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Measure 30 - What you don't know can hurt you

Vote yes on Measure 30 to protect Oregon.
The Oregonian

What you don't know can hurt you

David Sarasohn

Tax: Vote no, more money goes to D.C.

W hat you don't know can hurt you.

And your future.

And Oregon.

Campaigning to get Measure 30 on the ballot, Dick Armey, head of a national antitax group, said of Oregon's budget situation, "I don't need to know that."

As Armey's frank declaration demonstrates, most of the argument about next month's tax-increase vote hasn't been about knowing anything. It's been about ignoring problems, spouting slogans and covering over realities with rhetoric.

Last year's Legislature might never be confused with the Founding Fathers. But it was forced to face Oregon's realities. And after eight months of trying to escape them, legislators from both parties found the temporary tax increase -- which would raise $800 million to balance this biennium's budget -- the only way out.

So the first question might be, what did they know that most Oregonians might not? . The following excerpts from critics writing to The Oregonian connect to realities voters should understand -- even if Dick Armey didn't want to.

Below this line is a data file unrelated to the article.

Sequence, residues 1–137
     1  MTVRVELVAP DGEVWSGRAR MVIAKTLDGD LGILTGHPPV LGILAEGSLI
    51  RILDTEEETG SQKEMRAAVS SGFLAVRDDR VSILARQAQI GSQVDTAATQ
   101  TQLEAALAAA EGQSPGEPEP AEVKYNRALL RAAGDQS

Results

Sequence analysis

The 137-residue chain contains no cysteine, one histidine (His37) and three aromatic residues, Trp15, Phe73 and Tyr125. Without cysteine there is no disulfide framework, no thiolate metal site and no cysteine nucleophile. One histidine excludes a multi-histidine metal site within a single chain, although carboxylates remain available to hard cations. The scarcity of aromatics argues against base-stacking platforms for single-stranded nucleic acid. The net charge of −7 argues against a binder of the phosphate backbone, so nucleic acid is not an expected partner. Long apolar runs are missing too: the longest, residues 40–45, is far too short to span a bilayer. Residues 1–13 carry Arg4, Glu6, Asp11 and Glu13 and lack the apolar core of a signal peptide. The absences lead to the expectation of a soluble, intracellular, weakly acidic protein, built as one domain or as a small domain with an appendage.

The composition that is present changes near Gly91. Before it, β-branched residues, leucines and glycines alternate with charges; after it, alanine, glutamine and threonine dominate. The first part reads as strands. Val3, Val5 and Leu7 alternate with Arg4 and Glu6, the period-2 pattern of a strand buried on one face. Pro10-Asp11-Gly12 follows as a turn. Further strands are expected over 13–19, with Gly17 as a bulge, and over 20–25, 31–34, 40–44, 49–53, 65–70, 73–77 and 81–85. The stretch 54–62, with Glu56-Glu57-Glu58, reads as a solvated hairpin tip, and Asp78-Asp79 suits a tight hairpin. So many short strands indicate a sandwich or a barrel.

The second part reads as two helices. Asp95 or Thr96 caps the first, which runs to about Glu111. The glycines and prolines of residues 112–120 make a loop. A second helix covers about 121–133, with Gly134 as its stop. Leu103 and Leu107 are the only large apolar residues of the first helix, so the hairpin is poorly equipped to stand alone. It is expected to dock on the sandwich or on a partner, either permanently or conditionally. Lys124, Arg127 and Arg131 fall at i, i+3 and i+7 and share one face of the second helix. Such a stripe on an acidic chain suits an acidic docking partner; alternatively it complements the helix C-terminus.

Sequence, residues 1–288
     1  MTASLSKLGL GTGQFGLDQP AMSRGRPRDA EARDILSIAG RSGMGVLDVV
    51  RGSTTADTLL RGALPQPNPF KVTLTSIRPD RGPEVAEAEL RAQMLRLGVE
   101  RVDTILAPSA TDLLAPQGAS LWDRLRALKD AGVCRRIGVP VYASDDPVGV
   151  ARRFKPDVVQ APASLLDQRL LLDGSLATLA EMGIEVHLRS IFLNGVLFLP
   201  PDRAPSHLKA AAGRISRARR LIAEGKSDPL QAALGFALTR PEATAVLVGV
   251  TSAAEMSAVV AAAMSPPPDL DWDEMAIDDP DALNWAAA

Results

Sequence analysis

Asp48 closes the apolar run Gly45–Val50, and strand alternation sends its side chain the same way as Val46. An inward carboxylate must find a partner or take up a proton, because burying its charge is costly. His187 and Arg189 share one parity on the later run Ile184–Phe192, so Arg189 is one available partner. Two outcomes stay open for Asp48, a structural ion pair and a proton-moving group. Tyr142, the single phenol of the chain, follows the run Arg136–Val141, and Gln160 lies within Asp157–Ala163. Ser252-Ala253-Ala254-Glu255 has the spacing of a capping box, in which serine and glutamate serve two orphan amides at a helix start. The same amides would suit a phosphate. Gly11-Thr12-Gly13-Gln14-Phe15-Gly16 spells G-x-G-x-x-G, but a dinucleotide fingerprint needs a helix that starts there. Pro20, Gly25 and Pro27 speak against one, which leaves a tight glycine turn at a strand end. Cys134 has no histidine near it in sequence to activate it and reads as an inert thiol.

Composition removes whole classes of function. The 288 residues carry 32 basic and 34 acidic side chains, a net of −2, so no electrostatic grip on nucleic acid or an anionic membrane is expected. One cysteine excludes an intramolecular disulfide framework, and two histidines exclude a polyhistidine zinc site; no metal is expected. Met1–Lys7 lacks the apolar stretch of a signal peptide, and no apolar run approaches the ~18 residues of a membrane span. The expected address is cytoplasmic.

I simply can't afford to pay the extra $300 to $500 a year that this plan means. -- Hood River

Middle-income Oregonians (individuals and joint filers earning $27,000 to $43,000) would pay an average of $81 more a year under Measure 30. To pay an average of $350 a year, taxpayers would have to be in the lower part of the top 20 percent, those earning from $71,000 to $129,000.

That's without the federal tax deduction, which makes the U.S. government pay 15 percent to 30 percent of the increase.


Just when our economy is beginning to improve, this is not the time to stifle job creation or business expansion by raising taxes. -- Salem